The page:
Mike Scanlan was a student at Harvard Law School, and he kept a tight schedule:  studying hard on six nights each week, then partying on Saturday night, and just making it to Mass on Sunday morning. “When Lent came around,” he said, “I looked around—and I realized that I wasn't really living any differently than all the other students.”

Scanlan decided that during Lent, he would try to make it to daily Mass. He would fast, and really be faithful as a Catholic. And after only a few days, as he walked home from Mass early in the morning, God stopped him in his tracks. Mike heard within his heart the voice of God, asking, “Michael, will you give me your whole life?”

It's hard to say no to God's direct invitation! And while Scanlan was apprehensive about just what might have to change, he accepted the challenge. He had been engaged to be married—but unsure in what direction God might be leading him, he broke up with the young woman.

Michael Scanlan went on to complete law school, then to serve as a lawyer in the Judge Advocate General's Corps of the Air Force, eventually earning the title of certified Judge Advocate. But the call to the priesthood was unrelenting; and he left the Air Force in pursuit of his vocation. After visiting several religious orders, he joined the Franciscans of the Third Order Regular.

Following his ordination in May 1964, Father Scanlan was offered a position at the College of Steubenville, a small and faltering school. Five years later, he left to become rector of St. Francis Seminary. In 1974, he was named president of the College of Steubenville—but the school to which he returned was losing students and losing money.

As president, Father Scanlan believed that a renewed emphasis on faith was needed, if the college was to survive. He instituted a charismatic renewal—incorporating praise and worship into the Sunday liturgy, preaching passionately to the student population. He instituted the “households” for which Franciscan University of Steubenville is known, small groups of men and women devoted to personal and communal growth; and he required that students join one. He developed a Renewal Center on campus which offered retreats and seminars to instruct students in their Roman Catholic Faith, as well as the popular summer conferences.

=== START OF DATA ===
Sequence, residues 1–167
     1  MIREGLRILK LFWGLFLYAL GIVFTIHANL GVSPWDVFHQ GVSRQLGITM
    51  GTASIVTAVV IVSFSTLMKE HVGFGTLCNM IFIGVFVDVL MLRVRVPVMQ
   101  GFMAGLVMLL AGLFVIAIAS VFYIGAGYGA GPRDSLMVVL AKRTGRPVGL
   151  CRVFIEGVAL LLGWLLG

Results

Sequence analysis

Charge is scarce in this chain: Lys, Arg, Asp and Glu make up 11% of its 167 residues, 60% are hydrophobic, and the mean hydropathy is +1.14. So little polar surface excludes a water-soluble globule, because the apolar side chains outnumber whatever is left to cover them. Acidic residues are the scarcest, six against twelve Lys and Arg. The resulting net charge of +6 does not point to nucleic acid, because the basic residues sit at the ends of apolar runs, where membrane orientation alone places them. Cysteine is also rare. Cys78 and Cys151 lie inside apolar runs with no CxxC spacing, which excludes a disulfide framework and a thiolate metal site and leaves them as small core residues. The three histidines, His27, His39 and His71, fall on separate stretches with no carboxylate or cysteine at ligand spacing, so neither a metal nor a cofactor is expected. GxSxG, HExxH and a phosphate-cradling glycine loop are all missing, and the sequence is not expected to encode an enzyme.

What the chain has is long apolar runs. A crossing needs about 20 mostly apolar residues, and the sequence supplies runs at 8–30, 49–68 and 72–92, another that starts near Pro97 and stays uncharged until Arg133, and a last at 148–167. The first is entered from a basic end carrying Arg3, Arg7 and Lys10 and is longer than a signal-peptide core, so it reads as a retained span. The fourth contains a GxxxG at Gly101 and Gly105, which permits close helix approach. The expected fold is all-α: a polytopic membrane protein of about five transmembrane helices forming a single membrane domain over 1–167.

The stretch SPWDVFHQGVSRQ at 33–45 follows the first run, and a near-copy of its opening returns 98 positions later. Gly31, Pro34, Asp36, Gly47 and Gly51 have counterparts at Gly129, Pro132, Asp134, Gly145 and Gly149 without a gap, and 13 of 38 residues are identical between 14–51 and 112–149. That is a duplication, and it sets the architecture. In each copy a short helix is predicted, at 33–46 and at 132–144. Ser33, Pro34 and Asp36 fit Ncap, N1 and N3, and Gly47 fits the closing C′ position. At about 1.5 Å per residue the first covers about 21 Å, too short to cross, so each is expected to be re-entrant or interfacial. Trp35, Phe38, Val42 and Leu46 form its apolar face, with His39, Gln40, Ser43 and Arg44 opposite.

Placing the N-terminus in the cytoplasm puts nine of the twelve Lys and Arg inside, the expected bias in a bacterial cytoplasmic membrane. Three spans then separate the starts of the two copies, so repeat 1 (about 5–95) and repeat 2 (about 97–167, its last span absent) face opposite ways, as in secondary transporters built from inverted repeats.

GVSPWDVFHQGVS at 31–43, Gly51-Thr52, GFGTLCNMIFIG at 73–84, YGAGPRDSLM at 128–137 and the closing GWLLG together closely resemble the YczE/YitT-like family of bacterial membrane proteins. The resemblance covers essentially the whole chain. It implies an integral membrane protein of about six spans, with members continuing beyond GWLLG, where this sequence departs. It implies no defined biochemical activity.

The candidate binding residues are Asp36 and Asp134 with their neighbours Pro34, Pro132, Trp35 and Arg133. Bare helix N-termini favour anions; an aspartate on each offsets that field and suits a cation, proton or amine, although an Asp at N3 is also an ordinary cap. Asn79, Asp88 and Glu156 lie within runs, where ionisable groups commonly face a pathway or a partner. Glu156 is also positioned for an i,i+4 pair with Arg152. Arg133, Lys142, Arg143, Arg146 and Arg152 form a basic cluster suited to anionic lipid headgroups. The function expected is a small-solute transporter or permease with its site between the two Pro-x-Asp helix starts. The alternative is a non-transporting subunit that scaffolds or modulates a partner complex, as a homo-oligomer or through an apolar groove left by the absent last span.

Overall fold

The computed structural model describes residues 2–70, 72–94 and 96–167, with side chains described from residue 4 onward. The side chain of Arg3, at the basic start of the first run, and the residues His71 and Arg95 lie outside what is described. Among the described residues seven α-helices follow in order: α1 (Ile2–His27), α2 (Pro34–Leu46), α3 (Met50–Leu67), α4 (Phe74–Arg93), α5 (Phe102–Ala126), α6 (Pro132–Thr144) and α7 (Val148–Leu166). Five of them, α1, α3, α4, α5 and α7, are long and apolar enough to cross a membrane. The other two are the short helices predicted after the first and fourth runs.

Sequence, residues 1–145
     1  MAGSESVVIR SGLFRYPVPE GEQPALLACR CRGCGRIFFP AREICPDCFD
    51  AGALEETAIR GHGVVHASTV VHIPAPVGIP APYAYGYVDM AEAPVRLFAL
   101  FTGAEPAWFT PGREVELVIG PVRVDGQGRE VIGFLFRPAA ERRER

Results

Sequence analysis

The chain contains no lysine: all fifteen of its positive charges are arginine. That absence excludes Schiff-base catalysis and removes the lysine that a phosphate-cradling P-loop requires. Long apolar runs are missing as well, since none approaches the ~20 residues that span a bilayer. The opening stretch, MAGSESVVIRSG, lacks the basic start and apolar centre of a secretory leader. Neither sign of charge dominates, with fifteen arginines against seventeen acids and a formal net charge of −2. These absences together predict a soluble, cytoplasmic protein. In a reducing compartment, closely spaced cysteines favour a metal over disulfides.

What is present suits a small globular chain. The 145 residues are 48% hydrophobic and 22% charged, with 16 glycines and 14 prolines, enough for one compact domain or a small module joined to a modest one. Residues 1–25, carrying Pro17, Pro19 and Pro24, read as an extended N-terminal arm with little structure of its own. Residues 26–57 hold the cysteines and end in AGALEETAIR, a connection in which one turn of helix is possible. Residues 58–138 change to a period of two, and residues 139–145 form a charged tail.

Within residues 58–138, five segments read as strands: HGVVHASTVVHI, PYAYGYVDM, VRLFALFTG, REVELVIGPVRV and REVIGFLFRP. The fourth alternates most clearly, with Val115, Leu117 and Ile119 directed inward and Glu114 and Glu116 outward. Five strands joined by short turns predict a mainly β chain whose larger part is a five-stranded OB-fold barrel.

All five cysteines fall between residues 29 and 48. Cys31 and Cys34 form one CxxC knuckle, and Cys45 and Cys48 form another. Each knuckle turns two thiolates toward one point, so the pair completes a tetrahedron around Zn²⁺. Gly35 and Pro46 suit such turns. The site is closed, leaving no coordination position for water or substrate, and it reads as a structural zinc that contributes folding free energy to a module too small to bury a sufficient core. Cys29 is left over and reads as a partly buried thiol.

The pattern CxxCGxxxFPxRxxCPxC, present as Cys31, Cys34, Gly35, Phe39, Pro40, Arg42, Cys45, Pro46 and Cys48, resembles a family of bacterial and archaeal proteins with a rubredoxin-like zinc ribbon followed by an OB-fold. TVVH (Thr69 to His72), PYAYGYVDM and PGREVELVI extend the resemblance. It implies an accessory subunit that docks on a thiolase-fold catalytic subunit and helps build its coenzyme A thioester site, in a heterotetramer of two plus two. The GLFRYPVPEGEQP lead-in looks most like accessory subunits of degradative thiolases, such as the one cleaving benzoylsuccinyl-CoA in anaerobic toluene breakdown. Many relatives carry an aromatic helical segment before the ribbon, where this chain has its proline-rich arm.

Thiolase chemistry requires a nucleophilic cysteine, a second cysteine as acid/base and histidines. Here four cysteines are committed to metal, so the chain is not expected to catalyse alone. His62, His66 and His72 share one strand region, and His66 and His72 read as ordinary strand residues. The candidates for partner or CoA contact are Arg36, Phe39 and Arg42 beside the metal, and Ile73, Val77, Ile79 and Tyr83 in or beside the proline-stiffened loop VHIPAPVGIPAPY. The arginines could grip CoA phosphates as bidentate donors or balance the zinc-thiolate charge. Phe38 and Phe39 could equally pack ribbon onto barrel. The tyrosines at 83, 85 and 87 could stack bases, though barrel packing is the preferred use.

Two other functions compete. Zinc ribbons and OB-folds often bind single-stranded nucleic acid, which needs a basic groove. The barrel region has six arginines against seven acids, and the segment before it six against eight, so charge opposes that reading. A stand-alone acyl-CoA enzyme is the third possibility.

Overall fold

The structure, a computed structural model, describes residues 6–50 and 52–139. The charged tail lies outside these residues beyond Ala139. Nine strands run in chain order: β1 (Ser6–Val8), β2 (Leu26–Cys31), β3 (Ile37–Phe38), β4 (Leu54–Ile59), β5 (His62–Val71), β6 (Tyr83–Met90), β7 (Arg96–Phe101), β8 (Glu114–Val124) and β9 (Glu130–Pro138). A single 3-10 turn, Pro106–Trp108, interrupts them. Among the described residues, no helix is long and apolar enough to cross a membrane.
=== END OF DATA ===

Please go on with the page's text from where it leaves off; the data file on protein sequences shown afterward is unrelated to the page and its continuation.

But there's more: Father Scanlan instituted an Oath of Fidelity to the Magisterium, which all theology professors were required to sign and which preceded the U.S. Bishops' institution in 2000 of the Mandatum, which was to be signed by theology faculty at Catholic institutions. He created a Human Life Studies minor, and under his guidance the theology program at FUS became the largest of any college in America. By the time Fr. Scanlan stepped down as president of the university in 2000, his renewed focus on the Faith had resulted in a near doubling of the student population.

Father Scanlan's outreach extended beyond the university which he revitalized. He led retreats and conferences across America and around the world. For 18 years, he hosted a popular show on EWTN Television. He published more than 16 books and booklets, including the autobiographical Let the Fire Fall and The Truth About Trouble: How Hard Times Can Draw You Closer to God.

“God is clearly leading me,” said Father Michael Scanlan about his mission, his life work. On Saturday, Jan. 7, God called his servant Fr. Michael Scanlan home. The current president of Franciscan University, Fr. Sean O. Sheridan, TOR, said of his predecessor:

Father Scanlan used the gifts and talents God gave him and, guided by the Holy Spirit, turned things around at the struggling College of Steubenville and led to its prominence as Franciscan University of Steubenville.

May God now lead Father Scanlan home to the place which He has prepared for him where, with the angels and saints, he will gaze upon His Holy Face for all eternity.